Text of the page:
What is Pimsleur?
Pimsleur is an audio program for teaching languages that was developed in the 1970s. They used spaced repetition to teach you languages. It’s a fairly effective approach.
Why use Pimsleur?
It seemed to be the best audio program available at my library. It focuses on listening and speaking and it can help build a foundation.
How I used it
Once I had the Pimseleur, I began to listen, mostly in my car. On longer drives, I had some time to work on it. The first lesson seemed easy to jump into. Words and phrases are said and you repeat them. Some seemed easy to grasp, others tended to be harder.
The Pimsleur course suggests repeating lessons until you get about 80%. I ended up repeating the lessons many times. The first few times, I would often make many mistakes. Eventually the lesson would become more comfortable. Overall, I probably listened to the first 10 lessons about four times each and later lessons that were more difficult more like 5 or 6 times.
When things were more comfortable, I could start fine tuning things more. My pronunciation of a certain words was not quite right or the tone was off with that word, etc.
One thing that began to help a lot with learning Chinese was building a foundation. If I could connect a certain word to another word, things started to make a lot more sense. Sometimes it seemed like my mind started forming these connections a bit randomly, my subconscious pieced things together. The connections could be strange even.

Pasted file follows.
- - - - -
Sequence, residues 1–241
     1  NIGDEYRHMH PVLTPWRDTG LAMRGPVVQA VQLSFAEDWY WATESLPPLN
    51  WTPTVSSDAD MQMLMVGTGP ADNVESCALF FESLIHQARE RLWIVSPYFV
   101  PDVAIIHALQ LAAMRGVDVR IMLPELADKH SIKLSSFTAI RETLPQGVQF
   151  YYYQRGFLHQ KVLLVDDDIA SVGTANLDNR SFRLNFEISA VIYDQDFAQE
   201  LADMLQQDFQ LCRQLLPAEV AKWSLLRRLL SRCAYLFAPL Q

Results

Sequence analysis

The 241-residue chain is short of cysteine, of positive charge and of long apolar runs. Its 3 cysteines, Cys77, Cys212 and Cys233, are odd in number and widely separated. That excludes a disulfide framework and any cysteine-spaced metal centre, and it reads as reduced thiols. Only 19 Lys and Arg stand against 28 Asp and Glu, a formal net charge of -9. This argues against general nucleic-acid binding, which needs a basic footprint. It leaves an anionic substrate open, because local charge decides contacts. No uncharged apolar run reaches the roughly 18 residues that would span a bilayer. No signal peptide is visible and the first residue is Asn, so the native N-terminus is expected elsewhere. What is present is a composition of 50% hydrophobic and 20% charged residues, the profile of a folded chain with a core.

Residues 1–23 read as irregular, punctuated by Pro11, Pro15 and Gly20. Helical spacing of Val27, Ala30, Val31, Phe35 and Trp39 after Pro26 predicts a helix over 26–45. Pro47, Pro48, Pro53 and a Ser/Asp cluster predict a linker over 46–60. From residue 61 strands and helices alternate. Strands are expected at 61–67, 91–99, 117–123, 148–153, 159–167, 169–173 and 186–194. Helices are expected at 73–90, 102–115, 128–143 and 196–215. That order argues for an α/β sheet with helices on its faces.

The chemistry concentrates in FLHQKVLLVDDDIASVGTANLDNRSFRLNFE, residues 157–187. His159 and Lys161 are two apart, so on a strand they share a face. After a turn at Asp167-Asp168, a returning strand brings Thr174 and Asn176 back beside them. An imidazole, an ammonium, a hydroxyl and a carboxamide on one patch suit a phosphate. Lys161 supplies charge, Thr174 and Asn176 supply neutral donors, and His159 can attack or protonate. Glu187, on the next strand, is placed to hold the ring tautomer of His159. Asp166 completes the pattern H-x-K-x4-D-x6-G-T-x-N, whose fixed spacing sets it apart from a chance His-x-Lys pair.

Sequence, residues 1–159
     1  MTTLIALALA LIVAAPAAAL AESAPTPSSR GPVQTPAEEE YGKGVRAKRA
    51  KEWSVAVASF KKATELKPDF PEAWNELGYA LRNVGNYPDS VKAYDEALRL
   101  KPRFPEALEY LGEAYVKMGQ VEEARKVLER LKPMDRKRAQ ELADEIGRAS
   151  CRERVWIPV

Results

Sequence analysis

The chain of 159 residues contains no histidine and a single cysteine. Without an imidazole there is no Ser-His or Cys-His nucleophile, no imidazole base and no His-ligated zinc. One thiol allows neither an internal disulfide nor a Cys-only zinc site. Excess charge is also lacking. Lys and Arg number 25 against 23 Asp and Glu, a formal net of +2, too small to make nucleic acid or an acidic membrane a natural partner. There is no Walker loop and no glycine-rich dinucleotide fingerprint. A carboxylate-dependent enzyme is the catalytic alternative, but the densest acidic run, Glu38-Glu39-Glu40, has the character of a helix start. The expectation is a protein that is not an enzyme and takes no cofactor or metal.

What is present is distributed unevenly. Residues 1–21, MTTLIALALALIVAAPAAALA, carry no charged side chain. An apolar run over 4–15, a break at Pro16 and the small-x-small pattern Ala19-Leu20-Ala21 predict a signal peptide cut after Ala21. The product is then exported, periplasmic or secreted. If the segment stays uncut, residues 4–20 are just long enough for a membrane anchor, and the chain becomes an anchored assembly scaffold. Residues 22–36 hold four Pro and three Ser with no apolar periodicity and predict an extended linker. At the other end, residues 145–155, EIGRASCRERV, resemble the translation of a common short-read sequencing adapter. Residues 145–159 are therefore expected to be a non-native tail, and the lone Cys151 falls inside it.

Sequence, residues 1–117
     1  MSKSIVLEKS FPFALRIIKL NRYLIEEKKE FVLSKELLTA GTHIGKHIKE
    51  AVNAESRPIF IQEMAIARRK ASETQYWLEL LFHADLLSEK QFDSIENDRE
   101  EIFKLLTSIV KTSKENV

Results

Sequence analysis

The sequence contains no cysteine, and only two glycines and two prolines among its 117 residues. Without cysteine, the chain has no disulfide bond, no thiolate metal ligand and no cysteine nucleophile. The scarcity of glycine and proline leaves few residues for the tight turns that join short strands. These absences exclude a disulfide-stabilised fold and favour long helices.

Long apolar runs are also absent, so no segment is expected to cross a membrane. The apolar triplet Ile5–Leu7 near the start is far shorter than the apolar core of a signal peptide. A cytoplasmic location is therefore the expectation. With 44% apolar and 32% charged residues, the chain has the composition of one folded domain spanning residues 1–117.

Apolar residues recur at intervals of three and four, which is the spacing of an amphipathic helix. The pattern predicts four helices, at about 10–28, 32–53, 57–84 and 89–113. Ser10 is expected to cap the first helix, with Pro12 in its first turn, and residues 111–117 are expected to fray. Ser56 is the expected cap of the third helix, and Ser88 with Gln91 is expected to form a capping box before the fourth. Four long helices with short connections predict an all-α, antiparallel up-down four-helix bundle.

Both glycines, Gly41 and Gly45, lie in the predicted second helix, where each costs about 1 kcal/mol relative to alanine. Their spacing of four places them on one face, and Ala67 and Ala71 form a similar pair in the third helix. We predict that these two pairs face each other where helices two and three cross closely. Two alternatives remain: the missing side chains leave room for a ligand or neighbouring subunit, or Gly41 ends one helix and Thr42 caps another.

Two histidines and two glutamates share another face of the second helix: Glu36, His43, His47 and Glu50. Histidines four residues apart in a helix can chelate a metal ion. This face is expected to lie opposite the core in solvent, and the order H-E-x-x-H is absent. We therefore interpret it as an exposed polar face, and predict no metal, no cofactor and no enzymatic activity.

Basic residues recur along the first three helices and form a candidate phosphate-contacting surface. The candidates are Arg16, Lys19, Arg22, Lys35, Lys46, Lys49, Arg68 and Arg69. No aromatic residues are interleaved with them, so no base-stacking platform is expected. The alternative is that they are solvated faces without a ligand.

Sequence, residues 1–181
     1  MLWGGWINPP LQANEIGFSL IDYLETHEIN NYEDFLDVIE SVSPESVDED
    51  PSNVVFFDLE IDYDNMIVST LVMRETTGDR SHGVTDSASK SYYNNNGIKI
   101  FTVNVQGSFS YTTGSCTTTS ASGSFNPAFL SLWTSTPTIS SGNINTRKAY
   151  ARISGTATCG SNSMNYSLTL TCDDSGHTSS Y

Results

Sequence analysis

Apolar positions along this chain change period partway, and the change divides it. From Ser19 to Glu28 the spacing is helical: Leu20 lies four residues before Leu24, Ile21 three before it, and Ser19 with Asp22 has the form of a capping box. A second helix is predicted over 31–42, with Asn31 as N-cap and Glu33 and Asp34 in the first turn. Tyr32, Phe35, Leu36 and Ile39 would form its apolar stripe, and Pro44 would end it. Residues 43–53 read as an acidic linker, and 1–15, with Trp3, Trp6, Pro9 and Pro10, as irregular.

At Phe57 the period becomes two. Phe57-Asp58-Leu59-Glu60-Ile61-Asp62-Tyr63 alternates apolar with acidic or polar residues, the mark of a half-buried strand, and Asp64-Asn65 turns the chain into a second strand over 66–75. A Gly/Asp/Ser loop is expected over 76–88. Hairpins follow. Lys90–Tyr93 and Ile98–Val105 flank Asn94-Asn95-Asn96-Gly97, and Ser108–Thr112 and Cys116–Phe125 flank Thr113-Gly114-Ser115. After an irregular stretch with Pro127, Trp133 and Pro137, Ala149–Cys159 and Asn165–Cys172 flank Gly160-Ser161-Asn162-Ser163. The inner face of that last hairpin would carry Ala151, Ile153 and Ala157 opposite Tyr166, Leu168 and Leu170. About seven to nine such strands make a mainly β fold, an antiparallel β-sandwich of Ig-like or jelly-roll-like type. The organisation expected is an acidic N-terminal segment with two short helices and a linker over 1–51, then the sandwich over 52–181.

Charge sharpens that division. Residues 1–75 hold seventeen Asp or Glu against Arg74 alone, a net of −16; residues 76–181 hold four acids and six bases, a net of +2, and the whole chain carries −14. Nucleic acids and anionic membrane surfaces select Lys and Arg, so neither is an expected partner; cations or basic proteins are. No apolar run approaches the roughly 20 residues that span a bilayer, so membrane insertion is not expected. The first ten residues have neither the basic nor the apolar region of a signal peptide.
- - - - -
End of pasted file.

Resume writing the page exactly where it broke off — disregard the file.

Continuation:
英文， Yīngwén (English language) sounded kind of like ‘onion’ the first time I heard it.
飞机 Fēijī (airplane) had a similar sound (in my head) to Flugzeug, the word for airplane in German.
The color white, 白 Bái, is used for the alcoholic drink baijiu, which is a clear ‘white’ drink.
Sometimes the connections were strange, other times seeing part of another word in a different place helped.
Starting by hearing something that sounded like ‘onion’ for the English language, I slowly started pronouncing it more correctly. Having a rough, but memorable, starting place was helpful and then there was gradual improvement.
And as I started to learn more about Chinese, I started seeing patterns and other elements that were actually simple. The verbs didn’t require conjugation. In German the verbs are somewhat simple compared to Spanish, in Chinese they are more simple. Another thing was that adding a suffix to certain words made them similar but slightly different.
Overall, Pimsleur does a pretty good job of making things approachable and helping build a foundation that you can expand. It seems to have been made with an American man with a family going to China on business as the audience, which is not a bad thing but may or may not apply to your situation. Many words that are taught are important regardless of your specific situation.
I like the idea of focusing on listening and speaking early on, especially because writing in Chinese is quite complicated.
When I began using Pimsleur, I didn’t know about many other resources, but it seemed like a good one to focus on for a while. Sticking with a program that is fairly comprehensive can help you move forward with Chinese in a consistent way. Everything builds in the program. That can cut back on frustration that might result if you go between many different sets of materials.
Slowly, with quite a bit of repetition, most of level 1 Mandarin from Pimsleur became comfortable. I could say a few things and was beginning to understood more. Most importantly I developed a foundation which I could begin to expand with other resources.